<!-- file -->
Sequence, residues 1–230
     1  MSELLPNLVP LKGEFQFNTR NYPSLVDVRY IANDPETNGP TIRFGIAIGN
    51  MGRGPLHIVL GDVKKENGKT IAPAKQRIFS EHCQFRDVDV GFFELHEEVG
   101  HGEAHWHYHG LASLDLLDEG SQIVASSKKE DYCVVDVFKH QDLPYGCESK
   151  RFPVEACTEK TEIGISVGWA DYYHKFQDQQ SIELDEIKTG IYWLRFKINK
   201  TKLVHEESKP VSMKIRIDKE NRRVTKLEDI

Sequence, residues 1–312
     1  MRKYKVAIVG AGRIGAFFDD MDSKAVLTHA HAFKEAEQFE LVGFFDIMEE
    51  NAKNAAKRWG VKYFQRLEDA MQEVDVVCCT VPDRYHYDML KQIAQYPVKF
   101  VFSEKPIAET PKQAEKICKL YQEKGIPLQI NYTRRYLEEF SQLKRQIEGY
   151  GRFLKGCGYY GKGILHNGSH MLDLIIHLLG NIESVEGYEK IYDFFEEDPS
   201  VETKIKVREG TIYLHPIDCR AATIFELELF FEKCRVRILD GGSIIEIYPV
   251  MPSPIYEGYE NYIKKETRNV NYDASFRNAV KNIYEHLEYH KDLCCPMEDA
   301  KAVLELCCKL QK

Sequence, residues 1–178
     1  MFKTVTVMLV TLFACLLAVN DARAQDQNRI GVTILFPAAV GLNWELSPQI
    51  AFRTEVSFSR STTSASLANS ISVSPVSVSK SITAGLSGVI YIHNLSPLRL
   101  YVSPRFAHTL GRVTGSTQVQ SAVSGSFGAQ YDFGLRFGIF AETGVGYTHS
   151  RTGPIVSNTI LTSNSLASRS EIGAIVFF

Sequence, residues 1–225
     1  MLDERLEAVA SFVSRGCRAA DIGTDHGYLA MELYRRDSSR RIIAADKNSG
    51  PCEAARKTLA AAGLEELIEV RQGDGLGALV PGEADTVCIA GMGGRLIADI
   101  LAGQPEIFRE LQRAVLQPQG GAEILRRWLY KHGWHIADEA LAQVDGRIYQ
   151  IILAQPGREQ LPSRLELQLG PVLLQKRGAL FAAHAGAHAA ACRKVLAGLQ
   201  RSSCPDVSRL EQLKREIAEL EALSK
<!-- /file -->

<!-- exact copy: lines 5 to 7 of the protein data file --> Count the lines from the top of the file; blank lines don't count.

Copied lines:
   151  RFPVEACTEK TEIGISVGWA DYYHKFQDQQ SIELDEIKTG IYWLRFKINK
   201  TKLVHEESKP VSMKIRIDKE NRRVTKLEDI

Sequence, residues 1–312